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Location: UFOUpDatesList.Com > 2007 > Jun > Jun 16

Re: E.S.A. Successfully Tests Real SETI Detector -

From: Ray Dickenson <r.dickenson.nul>
Date: Sat, 16 Jun 2007 10:01:57 +0100
Fwd Date: Sat, 16 Jun 2007 08:24:30 -0400
Subject: Re: E.S.A. Successfully Tests Real SETI Detector -

>From: Martin Shough <parcellular.nul>
>To: <ufoupdates.nul>
>Date: Fri, 15 Jun 2007 22:35:54 +0100
>Subject: Re: E.S.A. Successfully Tests Real SETI Detector

>>From: Ray Dickenson <r.dickenson.nul>
>>To: <ufoupdates.nul>
>>Date: Thu, 14 Jun 2007 01:45:07 +0100
>>Subject: E.S.A. Successfully Tests Real SETI Detector


>>What the ESA release doesn't stress is that such a link might
>>give us instantaneous interstellar communications.

>The ESA story is about quantum cryptography, not FTL signalling.
>The entanglement link does not itself carry any information. It
>carries an encryption algorithm. Nonlocal entanglement is ideal
>for encrypted communications for the very reason that the
>entanglement itself contains zero information.



You're smart enough to see they can be the same thing,
regardless of what you call them.

A quantum (entangled) link automatically comes with
cryptographics as an optional extra.

Basic set-up is a source of entangled photons (they come in
pairs) plus at least two 'receivers' - which can be telescopes
fitted with 'detectors' or demodulators').

As a result of their experiment ESA now knows you can probably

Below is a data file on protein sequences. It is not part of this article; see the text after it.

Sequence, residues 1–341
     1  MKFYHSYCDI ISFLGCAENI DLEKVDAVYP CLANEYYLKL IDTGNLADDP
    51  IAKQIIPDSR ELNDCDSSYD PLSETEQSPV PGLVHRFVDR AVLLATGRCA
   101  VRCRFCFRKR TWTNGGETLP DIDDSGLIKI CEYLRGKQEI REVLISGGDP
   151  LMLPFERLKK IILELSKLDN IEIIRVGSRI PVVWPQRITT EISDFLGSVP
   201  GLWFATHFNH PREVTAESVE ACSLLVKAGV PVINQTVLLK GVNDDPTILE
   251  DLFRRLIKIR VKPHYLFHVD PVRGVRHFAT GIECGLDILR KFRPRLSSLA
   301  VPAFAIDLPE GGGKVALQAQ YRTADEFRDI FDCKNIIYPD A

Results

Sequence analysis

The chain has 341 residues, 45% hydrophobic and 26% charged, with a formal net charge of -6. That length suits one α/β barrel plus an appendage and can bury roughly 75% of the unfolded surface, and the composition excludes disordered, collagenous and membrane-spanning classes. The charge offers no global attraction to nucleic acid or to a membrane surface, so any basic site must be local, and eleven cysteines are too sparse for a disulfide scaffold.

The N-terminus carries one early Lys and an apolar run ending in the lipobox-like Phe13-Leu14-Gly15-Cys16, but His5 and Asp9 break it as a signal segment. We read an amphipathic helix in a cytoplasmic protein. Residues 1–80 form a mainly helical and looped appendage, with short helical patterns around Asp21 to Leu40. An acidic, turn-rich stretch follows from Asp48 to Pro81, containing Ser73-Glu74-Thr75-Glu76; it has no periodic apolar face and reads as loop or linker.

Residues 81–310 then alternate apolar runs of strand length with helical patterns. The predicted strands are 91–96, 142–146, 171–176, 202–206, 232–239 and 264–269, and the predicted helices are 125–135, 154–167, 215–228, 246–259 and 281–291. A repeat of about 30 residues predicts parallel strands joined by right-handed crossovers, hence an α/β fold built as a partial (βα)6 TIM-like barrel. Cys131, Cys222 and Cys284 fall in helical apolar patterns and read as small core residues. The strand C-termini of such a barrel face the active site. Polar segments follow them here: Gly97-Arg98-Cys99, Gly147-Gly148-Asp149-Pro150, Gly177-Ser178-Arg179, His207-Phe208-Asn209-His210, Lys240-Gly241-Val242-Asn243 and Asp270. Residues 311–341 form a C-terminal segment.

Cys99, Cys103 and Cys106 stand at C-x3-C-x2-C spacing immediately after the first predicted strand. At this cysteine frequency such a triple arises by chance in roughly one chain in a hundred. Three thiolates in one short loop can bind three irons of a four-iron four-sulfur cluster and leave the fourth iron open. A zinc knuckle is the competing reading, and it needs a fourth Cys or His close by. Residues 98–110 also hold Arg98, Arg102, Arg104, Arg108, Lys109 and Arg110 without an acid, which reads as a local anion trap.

have two telescopes say sixty light-years apart and use a mid-
way star as a source of entangled photons - stars generate them
(in pairs) for free.

The beauty of such a quantum-link is that one terminal can
'modulate' received photons and instantly the other terminal -
 sixty light years away - can 'read' the change.

Of course if you wanted two-way real-time conversation you'll
need a slightly different set-up, involving two separated mid-
way stars.

However broadcast is simplicity itself, and, given the sudden
huge expansion of the Drake Equation, it's almost certainly
permeating our galaxy at this time.

And we can do most of it (rather crudely) right now. The trick
will be tweaking our 'demodulator' to detect all potential
signaling.  As always 'sensitivity', 'selectivity' and 'mode'
will be the big challenges.

I suspect that's being worked on right now - would you want to

And, just thinking about this - if astronomers focused on a star
at the 'edge of the universe' (the visible universe that is)
there are some even more intriguing implications.


Ray D

Listen to 'Strange Days... Indeed' - The PodCast



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